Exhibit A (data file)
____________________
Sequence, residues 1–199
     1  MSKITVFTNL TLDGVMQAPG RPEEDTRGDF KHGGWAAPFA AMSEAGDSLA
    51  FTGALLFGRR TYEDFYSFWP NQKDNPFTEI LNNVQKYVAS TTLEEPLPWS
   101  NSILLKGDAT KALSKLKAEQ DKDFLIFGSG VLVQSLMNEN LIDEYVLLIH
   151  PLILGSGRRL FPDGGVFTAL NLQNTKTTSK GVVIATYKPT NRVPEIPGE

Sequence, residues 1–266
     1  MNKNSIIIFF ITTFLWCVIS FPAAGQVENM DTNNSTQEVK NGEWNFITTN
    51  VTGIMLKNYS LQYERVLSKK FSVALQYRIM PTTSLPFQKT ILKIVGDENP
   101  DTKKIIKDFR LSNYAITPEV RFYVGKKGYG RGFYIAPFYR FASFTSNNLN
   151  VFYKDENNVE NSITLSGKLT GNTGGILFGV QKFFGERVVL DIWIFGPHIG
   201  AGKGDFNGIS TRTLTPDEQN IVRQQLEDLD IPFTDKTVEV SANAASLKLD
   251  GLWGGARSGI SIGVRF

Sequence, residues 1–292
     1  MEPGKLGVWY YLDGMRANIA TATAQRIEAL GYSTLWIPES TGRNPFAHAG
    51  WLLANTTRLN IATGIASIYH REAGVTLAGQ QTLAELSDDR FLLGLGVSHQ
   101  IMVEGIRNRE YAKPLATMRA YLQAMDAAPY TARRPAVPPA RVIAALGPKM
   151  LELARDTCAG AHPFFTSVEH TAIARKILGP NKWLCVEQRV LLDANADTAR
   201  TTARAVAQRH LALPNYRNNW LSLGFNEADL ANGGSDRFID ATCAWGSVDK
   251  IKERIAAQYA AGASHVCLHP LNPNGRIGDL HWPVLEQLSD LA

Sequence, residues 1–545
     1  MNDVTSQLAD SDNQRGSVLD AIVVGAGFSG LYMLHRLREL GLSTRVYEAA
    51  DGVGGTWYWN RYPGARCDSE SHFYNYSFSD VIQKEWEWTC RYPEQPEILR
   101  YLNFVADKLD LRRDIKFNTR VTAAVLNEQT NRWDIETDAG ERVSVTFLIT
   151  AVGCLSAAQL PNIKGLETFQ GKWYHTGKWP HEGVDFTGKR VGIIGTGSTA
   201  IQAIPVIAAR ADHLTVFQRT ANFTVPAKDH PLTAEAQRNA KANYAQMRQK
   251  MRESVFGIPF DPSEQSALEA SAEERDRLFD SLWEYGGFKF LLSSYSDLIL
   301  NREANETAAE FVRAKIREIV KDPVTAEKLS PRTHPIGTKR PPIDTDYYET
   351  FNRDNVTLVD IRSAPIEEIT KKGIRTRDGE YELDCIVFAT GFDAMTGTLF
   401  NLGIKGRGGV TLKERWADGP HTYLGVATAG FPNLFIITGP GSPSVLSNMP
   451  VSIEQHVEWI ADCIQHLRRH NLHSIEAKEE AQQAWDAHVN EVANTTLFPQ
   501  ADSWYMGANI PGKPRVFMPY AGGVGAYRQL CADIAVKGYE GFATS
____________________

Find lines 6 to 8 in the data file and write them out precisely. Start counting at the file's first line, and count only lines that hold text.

Sequence, residues 1–266
     1  MNKNSIIIFF ITTFLWCVIS FPAAGQVENM DTNNSTQEVK NGEWNFITTN
    51  VTGIMLKNYS LQYERVLSKK FSVALQYRIM PTTSLPFQKT ILKIVGDENP